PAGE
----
This article has been corrected to state that Roche filed a supplemental new drug application (sNDA), not a supplemental biologics application (sBLA).
NEW YORK – Roche on Monday said the US Food and Drug Administration has accepted its supplemental new drug application (sNDA) seeking approval for the ALK inhibitor Alecensa (alectinib) as adjuvant therapy for early-stage ALK-positive non-small cell lung cancer.
In its application, Roche has submitted data from the Phase III ALINA trial, in which Alecensa reduced the risk of disease recurrence or death by 76 percent in the adjuvant setting compared with chemotherapy. Alecensa is currently approved as a first-line treatment for ALK-positive metastatic NSCLC.
Roche noted that if approved, Alecensa would be the first and only ALK inhibitor for early-stage, ALK-positive NSCLC. In the lung cancer space, however, precision medicines are moving into earlier lines of treatment. Roche, in 2021, achieved FDA approval for its checkpoint inhibitor Tecentriq (atezolizumab) as an adjuvant treatment for certain NSCLC patients with PD-L1-expressing tumors. And the year before that, the agency approved AstraZeneca's EGFR inhibitor Tagrisso (osimertinib) in the adjuvant setting for EGFR-mutated NSCLC.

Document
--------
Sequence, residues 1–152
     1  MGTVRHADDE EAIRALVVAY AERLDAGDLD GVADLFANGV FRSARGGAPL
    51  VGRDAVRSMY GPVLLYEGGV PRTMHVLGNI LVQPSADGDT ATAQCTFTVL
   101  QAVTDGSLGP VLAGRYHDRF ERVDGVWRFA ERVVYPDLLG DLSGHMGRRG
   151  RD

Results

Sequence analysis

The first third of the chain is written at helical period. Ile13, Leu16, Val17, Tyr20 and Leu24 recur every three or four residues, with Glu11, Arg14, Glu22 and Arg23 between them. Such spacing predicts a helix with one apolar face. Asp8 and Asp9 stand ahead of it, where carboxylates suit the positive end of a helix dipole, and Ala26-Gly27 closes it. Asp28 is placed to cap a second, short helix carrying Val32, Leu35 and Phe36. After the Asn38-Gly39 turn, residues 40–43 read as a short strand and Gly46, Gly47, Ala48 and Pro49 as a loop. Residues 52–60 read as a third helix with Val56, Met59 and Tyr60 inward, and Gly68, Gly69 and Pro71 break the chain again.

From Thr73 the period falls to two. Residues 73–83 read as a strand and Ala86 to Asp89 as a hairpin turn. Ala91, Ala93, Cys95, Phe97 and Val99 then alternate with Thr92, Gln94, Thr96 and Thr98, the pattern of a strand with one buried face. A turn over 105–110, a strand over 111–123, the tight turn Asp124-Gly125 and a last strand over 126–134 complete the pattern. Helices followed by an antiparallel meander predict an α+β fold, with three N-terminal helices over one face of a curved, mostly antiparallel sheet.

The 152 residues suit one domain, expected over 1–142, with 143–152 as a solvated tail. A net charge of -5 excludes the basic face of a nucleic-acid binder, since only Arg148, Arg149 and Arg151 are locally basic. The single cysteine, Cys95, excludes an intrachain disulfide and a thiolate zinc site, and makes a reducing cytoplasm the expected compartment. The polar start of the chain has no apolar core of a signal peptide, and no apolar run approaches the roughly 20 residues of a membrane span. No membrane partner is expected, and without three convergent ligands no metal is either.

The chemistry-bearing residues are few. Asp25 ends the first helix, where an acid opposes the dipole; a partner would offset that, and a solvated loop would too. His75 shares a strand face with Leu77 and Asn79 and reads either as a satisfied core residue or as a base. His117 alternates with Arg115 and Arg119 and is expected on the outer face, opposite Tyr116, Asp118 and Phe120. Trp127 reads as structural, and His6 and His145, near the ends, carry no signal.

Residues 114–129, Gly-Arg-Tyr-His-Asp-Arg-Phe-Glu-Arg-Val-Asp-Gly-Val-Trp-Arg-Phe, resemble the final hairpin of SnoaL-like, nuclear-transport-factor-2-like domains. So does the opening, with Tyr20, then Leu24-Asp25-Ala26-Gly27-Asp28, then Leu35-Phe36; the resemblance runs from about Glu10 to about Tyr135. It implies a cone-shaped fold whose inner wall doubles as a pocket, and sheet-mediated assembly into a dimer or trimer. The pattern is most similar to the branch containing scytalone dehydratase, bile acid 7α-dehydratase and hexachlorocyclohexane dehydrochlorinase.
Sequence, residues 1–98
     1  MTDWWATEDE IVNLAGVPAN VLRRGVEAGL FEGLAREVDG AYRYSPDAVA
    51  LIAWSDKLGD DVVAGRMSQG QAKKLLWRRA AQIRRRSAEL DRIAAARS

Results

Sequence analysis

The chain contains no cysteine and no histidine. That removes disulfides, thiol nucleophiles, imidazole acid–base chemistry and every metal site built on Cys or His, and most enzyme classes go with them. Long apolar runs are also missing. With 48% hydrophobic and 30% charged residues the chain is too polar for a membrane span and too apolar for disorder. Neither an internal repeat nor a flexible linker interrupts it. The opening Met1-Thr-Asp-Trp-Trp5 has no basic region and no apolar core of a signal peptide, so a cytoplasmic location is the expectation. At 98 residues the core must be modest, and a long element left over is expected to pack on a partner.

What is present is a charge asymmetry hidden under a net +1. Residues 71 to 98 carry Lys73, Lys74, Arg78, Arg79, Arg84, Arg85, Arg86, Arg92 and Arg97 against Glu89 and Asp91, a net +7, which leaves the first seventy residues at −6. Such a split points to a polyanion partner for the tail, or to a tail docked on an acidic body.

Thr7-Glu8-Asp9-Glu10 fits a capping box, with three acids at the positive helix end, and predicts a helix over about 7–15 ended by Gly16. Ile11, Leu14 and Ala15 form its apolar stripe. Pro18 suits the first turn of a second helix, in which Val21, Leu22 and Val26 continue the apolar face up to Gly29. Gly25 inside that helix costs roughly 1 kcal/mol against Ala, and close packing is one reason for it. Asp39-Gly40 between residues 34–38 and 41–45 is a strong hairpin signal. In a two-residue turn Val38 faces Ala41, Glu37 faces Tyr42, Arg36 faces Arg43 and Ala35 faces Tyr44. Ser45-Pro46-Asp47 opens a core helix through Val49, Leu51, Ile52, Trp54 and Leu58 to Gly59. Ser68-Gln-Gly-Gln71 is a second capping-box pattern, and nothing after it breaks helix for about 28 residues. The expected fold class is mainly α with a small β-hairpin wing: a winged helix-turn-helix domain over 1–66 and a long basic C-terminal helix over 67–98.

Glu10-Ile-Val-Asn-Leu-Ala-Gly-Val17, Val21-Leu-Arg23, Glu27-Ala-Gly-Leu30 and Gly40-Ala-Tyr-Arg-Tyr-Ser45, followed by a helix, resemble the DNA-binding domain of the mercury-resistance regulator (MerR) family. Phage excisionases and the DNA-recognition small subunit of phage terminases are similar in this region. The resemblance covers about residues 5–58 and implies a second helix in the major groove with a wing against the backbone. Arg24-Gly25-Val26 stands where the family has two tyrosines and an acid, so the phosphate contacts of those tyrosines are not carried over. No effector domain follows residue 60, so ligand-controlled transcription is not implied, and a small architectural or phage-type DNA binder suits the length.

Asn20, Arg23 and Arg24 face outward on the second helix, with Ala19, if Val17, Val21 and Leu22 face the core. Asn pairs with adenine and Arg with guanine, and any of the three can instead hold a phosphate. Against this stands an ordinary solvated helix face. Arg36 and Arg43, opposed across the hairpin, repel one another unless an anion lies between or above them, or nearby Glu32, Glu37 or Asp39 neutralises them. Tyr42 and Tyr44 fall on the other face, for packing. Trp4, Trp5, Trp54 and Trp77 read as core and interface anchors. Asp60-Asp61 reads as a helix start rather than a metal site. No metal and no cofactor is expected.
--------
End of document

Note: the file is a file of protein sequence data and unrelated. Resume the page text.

In the ALINA trial, researchers compared the activity of Alecensa with platinum-based chemotherapy in 257 patients with resected stage IB to IIIA ALK-positive NSCLC. The primary endpoint of the trial is disease-free survival, and secondarily, investigators are tracking overall survival, pharmacokinetics, and adverse events. The company reported in October that the two-year, disease-free survival rate was 94 percent in the Alecensa arm and 64 percent in the chemo arm. At three years, 89 percent of patients on Alecensa had no disease recurrence compared with 54 percent of those on chemo.
The FDA has granted Roche's sNDA priority review and is assessing it under its Real-Time Oncology Review pilot program, which aims to speed promising treatments to patients through a more efficient review process. The FDA is expected to decide whether to approve Alecensa for adjuvant NSCLC treatment by May 22.